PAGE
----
Grossular Garnet: Gemstone Information
Name Grossular garnet approved by the CNMMN of the IMA. Synonyms are grossularite, hessonite, essonite, cinnamon stone, rosolite, tsavorite, tsavolite, wiluite and mali. Colour varieties are hessonite (orange-brown), tsavorite (green) and mali (yellowish green to greenish yellow), leuco-garnet (colourless), imperial garnet (light pink), raspberry garnet (raspberryred), gooseberry garnet (gooseberry-green), tangerine garnet (bright orange), merelani (mint-green). ‘Grandite’ is the term that has been applied to grossular garnets with significant, although normally less than 50%, andradite molecule. Grossular is so named in allusion to the resemblance of pale green specimens to the gooseberry (Ribes grossularia).
Grossular is especially characteristic of both contact (skarns) and regionally metamorphosed impure calcareous rocks or rocks that have undergone calcium metasomatism. It also occurs in association with serpentinites and rodingites. Additionally as detrital grains in placers deposits. Notable localities for gem-quality grossular include Sri Lanka (hessonite), India, Tanzania (tsavorite, hessonite), Kenya (tsavorite), Mali, Namibia, Madagascar (hessonite), Pakistan, Russia (chrome-grossular), Italy, USA (California), Canada, Mexico and Brazil. Massive material similar in appearance to hydrogrossular occurs at: Yukon, Canada; California and other states in the USA; Myanmar; and South Africa.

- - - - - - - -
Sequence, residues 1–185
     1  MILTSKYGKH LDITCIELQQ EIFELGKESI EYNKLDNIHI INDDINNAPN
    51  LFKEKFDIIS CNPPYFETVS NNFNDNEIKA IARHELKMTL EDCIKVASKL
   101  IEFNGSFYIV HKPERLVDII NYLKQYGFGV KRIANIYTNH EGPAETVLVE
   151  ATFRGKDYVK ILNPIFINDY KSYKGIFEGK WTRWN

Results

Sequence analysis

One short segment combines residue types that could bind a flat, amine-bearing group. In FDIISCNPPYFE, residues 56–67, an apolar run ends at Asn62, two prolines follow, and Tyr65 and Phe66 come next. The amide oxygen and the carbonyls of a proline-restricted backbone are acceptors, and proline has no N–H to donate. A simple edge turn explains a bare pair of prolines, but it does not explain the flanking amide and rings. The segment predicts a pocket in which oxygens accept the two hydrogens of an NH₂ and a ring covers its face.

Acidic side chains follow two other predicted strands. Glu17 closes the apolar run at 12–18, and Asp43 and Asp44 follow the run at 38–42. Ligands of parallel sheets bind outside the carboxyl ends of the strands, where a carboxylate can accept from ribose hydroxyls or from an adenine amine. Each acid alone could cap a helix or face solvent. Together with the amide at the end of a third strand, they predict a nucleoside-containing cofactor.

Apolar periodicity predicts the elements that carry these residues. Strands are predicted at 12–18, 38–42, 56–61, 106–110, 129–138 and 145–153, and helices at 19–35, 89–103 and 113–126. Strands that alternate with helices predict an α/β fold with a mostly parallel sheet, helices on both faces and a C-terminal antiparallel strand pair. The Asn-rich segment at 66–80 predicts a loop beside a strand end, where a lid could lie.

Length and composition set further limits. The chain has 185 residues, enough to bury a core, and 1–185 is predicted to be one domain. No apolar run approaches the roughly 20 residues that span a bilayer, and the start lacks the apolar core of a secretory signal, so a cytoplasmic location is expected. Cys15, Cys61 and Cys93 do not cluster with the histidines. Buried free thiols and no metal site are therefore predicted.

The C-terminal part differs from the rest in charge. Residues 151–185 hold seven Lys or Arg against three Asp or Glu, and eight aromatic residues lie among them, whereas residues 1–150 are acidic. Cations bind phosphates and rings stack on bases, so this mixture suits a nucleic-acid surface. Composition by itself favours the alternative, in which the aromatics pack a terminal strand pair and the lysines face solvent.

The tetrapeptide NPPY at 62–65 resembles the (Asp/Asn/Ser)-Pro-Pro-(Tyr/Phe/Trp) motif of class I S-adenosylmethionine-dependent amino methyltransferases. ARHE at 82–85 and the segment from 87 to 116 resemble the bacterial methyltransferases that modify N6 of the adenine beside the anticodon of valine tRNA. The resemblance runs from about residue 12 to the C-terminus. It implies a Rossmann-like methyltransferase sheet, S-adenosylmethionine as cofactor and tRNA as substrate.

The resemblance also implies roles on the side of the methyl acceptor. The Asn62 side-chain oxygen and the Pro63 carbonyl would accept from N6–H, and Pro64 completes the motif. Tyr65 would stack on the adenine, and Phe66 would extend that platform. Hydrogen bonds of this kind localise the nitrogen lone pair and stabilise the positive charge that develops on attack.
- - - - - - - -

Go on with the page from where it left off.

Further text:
Grossular Garnet forms a series with andradite and uvarovite, and also the hydrogarnets. Moreover, solid solution to varying extent occurs with the pyralspite series. Consequently the physical and chemical properties and
appearance can vary appreciably.
The RI of ugrandite garnets is strongly dependent on the calcium content, but does not vary significantly with changes in the Fe3+: Cr3+ ratio.
The calculated value of the end-member is 1.732; however, actual values will vary due to isomorphous replacement and measured literature values for 50% 100% grossular range from 1.796 to 1.737 respectively based on predominant andradite substitution.
Mali: 1.770 (greenish yellow); 1.768 (brownish yellow)
Mali pale greenish yellow: 1.739–1.750
Colourless Mali grossular: 1.742–1.751
Emerald-green grossular (Bekily, Madagascar): 1.741–1.746